Stephen Browne said he posted the interview at Rants and Raves “because there isn’t a lot of interest elsewhere.” Let’s see if we can’t stir up a little.

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Chevy digs in

Back in September I called attention to a new Chevrolet Malibu ad campaign with the pithy lead “WE’RE TIRED OF BEING A FOREIGN CAR IN OUR OWN COUNTRY.” The bow-tie bunch isn’t giving up, either: the newest installment says “IT’S EVERYTHING YOU NEVER THOUGHT IT WOULD BE,” a shot at all those folks — a group which on occasion has included me — who wouldn’t be caught dead in a domestic automobile. (The ‘Bu is built at the Fairfax plant in Kansas City, Kansas.)

Motor Trend, meanwhile, has declared the Malibu “the most important new Chevy sedan in decades,” though what makes it important to them might sound a mite unusual:

More important than anything is what Malibu can do for the Impala. Chevy sold 290,000 front-drive Impalas and 164,000 Malibus last year. If it can reverse those numbers, there’s a better business case for a RWD Impala.

I’d like to see a rear-wheel-drive Impala myself, but I can’t imagine GM wanting to cannibalize its own sales. Besides, the biggest problem with a rear-drive Impala is not the Malibu, but GM’s need to crank up its Corporate Average Fuel Economy numbers, which a full-sized two-ton sedan will presumably not enhance. And the Malibu can probably sell well enough on its own, given MT’s declaration that it “makes segment-leader Camry and the just-launched Accord look decidedly lumpen.”

If I seem to be harping on the Malibu a lot these days, it’s simply because I think we’re better off with an American auto industry that actually sells cars. And GM, after years of wandering in the desert, might actually be starting to find a path that leads somewhere: the General is cutting production on the hot-selling Buick Enclave in an effort to keep demand high and incentives out of the picture, a trick the imports have long known. “Nothing destroys the value of a new product faster than overproducing,” says GM car czar Bob Lutz. If the Malibu is a big hit, you can probably expect more artificial scarcity.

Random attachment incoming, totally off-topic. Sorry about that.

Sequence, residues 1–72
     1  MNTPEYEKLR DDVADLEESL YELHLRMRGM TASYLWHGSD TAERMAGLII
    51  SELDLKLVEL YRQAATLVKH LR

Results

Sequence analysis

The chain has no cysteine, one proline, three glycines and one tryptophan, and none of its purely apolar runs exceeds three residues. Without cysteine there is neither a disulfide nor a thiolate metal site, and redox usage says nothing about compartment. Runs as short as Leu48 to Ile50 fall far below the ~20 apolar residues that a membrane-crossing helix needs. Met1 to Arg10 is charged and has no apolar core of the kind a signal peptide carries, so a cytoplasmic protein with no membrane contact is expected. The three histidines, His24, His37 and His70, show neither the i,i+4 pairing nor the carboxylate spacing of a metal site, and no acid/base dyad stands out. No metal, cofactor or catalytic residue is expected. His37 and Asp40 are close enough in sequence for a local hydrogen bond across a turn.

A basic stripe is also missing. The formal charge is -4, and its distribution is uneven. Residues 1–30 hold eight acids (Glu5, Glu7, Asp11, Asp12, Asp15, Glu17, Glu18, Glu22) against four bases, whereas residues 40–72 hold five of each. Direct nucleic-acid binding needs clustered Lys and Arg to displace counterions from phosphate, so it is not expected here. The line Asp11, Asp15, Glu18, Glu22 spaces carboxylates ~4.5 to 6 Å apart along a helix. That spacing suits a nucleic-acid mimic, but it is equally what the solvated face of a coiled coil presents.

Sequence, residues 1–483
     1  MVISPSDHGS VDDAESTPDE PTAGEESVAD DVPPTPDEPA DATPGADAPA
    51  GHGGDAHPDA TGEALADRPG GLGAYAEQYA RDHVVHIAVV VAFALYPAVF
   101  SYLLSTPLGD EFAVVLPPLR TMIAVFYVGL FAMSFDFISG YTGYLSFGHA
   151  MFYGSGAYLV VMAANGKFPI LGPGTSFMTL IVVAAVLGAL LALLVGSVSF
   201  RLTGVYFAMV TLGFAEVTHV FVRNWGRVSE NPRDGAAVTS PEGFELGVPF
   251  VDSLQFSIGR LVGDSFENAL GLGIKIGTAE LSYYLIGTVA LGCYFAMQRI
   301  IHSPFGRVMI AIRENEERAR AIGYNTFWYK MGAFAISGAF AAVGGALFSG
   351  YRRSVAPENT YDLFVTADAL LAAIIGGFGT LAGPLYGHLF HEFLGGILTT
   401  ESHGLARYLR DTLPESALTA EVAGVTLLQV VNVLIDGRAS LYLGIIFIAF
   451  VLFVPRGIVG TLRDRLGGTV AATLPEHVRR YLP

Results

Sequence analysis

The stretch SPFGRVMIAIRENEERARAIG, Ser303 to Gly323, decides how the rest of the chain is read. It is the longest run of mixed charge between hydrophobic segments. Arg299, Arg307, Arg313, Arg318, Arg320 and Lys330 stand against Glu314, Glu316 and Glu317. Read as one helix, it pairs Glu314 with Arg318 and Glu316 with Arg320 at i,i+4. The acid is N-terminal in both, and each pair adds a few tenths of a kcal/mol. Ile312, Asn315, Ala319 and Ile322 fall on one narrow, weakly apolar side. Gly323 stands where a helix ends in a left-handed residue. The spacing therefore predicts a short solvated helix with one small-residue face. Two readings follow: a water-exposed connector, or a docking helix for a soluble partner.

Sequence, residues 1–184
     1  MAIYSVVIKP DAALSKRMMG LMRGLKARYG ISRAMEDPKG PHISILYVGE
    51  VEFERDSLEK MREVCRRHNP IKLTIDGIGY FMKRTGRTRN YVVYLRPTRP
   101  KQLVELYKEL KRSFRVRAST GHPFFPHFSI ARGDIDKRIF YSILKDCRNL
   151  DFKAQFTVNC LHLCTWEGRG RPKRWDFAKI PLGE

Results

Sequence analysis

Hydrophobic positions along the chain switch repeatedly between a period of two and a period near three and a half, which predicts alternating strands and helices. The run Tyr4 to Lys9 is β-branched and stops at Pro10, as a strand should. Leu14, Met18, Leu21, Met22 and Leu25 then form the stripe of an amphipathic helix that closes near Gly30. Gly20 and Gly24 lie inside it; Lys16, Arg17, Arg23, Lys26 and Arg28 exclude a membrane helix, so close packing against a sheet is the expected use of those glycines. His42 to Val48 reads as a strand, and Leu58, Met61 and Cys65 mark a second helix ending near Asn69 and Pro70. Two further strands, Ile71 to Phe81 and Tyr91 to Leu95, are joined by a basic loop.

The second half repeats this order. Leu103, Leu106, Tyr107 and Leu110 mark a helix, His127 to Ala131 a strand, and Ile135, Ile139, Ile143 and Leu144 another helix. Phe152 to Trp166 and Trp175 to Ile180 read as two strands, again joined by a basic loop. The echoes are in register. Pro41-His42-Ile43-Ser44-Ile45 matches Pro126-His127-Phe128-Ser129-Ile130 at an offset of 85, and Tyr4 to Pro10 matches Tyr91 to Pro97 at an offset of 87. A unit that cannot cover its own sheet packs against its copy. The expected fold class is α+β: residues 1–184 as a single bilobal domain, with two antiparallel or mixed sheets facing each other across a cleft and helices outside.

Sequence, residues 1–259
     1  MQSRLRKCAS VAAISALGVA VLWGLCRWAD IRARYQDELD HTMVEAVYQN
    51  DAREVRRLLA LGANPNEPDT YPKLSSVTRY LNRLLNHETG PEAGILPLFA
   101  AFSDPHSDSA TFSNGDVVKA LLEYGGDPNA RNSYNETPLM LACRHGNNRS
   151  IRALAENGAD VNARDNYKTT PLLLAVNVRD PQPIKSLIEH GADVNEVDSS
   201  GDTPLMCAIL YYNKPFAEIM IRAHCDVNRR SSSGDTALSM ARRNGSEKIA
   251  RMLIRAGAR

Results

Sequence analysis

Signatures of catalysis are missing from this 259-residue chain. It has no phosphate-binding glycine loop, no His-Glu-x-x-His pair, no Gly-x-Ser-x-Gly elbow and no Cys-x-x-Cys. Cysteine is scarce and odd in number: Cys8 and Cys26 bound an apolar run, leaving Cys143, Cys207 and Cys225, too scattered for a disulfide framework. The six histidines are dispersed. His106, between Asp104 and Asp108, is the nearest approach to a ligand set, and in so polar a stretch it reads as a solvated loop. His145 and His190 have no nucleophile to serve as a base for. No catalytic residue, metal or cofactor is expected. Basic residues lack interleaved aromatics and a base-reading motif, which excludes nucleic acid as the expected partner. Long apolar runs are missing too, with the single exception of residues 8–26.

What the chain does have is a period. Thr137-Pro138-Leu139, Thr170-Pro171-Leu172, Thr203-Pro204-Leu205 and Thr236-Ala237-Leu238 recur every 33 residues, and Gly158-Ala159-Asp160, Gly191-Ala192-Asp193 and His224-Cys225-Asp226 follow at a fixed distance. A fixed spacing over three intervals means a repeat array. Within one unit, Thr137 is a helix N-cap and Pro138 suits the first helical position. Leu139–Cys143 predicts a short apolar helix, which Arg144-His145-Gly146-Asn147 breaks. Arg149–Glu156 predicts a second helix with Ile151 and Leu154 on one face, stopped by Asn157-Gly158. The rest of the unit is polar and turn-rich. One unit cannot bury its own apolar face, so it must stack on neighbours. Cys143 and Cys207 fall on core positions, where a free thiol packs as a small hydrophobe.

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We got your neologisms right here

Mark Peters runs a blog called Wordlustitude, which he describes thusly:

This blog (recently featured in The Telegraph) is a growing dictionary of ephemeral words — also known as nonce or stunt words. All readers are strongly encouraged to use these terms in their blogs, poems, prophesies, and recipes.

Enough to get him onto the blogroll right there. Yesterday’s word:

Assitudinousness, noun. A multitude of assitude heretofore unimagined by assologists, buttheads, or civilians. Related terms: crapitudinousness, funkitudinousness, skankitudinousness.

Actual citation:

“Lucky Charms, almost uniquely among cereals, possesses an irreducible assitudinousness: it will taste like that whether you immerse it in milk, water, V8, Pennzoil or Fletcher’s Castoria.”

Between that and Googlage, I think I’ve done more than my fair share of knackering the vernacular.

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Note to self: avoid paperwork

In the current radio ratings, Spanish-language station KTUZ-FM dropped from a 4.2 share to a 2.4, and management says it’s because of HB 1804:

Tyler Media market manager Skip Stow blamed KTUZ’s decline on Oklahoma’s new immigration law.

“They’re scared,” Stow said, referring to some listeners in the Latino community. “They don’t want to fill out anything official looking.”

Interestingly, Tyler has a billboard around town (I saw it along I-35 near NE 63rd) proclaiming that the local Latino market is 300,000 strong — and “we reach them all!”

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Quote of the week

Jesse Walker, writing for Reason’s Web site, on bureaucratic attempts to stifle Halloween and such:

I can appreciate their dilemma. As long as the government’s schools are monopolies capable of compelling attendance, they have to respect the many worldviews of the children that attend them. In a country as diverse as this one, it isn’t always obvious where the line lies between making minorities comfortable and acting like a goddamn jackass. The typical bureaucrat prefers to err on the side of jackassery.